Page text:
Nov 262015
 November 26, 2015

Tools for Change-01Please join us at 6pm on April 26th for the opening reception of the Citizenship Lab’s PhotoVoice Exhibition.

As part of their year-long project, students involved in the “Citizenship Lab” Bass Connections team have worked with locally resettled refugees to create an exhibit the theme of community. Twelve resettled refugees will offer their interpretations of the meaning of community through photographs and statements they have created.

The Lab is one of three Bass Connections teams this year to receive support through the Silver Family Fund at KIE. Throughout the year, the team has partnered with Durham Public Schools and the Durham City Council on the development of a set of proposals to ease the transition of refugee youth into local schools.

Tuesday April 26 at 6pm
Keohane Kenan Gallery
West Duke Building
Parking on East Campus is free after 5pm.

Nov 202015
 November 20, 2015

MontiStoryTellingwebpostCome watch Duke University students and a professor along with a Durham community member tell their true stories live for an evening exploring the theme of race. The Monti is a non-profit organization that invites people to tell personal stories without the use of notes. It’s simple storytelling. Each month, The Monti holds events around the Raleigh-Durham-Chapel Hill area and as far away as Greensboro. The goal is to create an intimate, open, and fun atmosphere where people can relate their personal experiences to one another through narrative.

Abhi Shah, Duke Undergrad
Derwin Dubose, Managing partner of New Majority Community Labs
Emily Brockman, Duke Undergrad
Ray Barfield, Duke Associate Professor of Pediatrics (School of Medicine) and of Christian Philosophy (Divinity School)
Torang Asadi, Duke PhD student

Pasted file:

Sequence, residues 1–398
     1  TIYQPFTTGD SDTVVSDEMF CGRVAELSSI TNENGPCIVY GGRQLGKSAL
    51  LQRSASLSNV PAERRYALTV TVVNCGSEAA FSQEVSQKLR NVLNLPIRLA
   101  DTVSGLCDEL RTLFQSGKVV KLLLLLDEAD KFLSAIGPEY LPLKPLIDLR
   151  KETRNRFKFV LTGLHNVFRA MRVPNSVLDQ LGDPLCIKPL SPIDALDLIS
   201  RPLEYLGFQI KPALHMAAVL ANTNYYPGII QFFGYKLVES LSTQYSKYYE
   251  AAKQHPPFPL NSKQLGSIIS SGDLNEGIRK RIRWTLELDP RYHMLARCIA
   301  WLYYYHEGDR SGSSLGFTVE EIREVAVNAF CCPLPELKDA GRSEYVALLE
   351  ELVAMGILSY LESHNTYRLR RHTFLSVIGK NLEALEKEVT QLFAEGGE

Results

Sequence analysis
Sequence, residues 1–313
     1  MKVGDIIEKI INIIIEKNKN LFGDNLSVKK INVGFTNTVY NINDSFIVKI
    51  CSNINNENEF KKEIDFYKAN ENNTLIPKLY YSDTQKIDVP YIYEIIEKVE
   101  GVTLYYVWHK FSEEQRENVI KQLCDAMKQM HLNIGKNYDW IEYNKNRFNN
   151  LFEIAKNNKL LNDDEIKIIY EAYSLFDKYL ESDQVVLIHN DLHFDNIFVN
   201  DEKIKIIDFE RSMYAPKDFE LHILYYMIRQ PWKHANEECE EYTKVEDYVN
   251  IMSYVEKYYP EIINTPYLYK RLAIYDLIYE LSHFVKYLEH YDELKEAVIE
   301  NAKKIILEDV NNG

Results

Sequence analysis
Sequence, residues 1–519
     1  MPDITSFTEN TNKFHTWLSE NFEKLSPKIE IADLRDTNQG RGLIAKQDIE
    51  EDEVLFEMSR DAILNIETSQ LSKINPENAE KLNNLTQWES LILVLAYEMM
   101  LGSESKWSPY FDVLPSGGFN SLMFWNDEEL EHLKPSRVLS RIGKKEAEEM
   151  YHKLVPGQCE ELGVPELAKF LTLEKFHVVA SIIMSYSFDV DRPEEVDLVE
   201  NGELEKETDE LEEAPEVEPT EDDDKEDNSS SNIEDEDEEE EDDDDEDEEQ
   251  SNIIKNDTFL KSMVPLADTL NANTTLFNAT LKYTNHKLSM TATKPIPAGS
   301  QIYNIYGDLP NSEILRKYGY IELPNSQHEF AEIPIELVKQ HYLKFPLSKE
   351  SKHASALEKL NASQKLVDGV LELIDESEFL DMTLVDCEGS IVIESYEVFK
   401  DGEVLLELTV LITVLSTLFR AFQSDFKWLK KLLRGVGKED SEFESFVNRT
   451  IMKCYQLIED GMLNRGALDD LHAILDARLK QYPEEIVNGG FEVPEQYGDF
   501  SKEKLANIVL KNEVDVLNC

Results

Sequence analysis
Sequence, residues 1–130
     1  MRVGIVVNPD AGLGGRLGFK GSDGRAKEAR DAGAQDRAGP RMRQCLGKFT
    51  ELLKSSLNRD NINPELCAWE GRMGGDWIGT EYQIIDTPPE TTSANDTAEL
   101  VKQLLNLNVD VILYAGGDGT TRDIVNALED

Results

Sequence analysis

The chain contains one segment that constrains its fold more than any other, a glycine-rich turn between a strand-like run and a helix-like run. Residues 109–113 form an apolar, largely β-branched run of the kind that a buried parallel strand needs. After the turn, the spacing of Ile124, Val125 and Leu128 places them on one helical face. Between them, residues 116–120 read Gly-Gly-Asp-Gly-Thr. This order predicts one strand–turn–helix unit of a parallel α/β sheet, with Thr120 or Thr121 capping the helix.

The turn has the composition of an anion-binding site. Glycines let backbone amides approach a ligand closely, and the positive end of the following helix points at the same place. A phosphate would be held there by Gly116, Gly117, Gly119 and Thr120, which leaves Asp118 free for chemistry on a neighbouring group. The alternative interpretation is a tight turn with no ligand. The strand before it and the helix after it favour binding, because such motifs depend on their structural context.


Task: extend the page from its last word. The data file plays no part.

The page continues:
This event is being produced by the Monti in partnership with The Kenan Institute for Ethics at Duke University.

Tickets are $10 for students and $15 for all others and may be purchased through the Monti website:

Wednesday, April 20, 2016
The Rickhouse, 609 Foster St, Durham

Nov 182015
 November 18, 2015

hussain-ali-agrama-lecture-postersmallHussein Ali Agrama, Associate Professor of Anthropology & Director of Graduate Studies at the University of Chicago, will be giving a workshop on “Justice between Islamic Shari’a and Western Legal Tradition: Remarks on the Egyptian Context.”His pre-circulated paper by that same title, and an accompanying text, are available to download online. How does one compare and contrast potentially very different traditions of law without assuming any common conception of law? How does one stage a comparison of such traditions in the face of their mutual engagement under historical conditions of asymmetric power that render one of them commensurable to the other? These are some of the central questions this essay begins to address through a series of loosely related, ethnographically inspired reflections on the concept of justice within Western legal tradition and the Islamic Shari’a, with respect to modern Egypt. It focuses on the particular problem that the violence of law is seen to pose for the enactment of justice within Western legal thought and practice. Arguing that this problem is of relatively recent origin, it outlines some of the historically emergent forms of sociability, modes of authority, and structures of coercion that contribute to the formation of this problem, and that give rise to a distinctive conception of politics that persists into the present. Contrasting this with classical Shari’a thought and historical practices, the essay then points to how these forms of sociability, authority and coercion – and the concept of politics they made possible – insinuated themselves into the fabric of Egyptian society through the colonizing and modernizing projects that established European based civil law there; it also reflects on how this produced the complicated pattern of similarity, difference, commensurability and incommensurability that exists today between Egyptian civil law and Islamic Shari’a.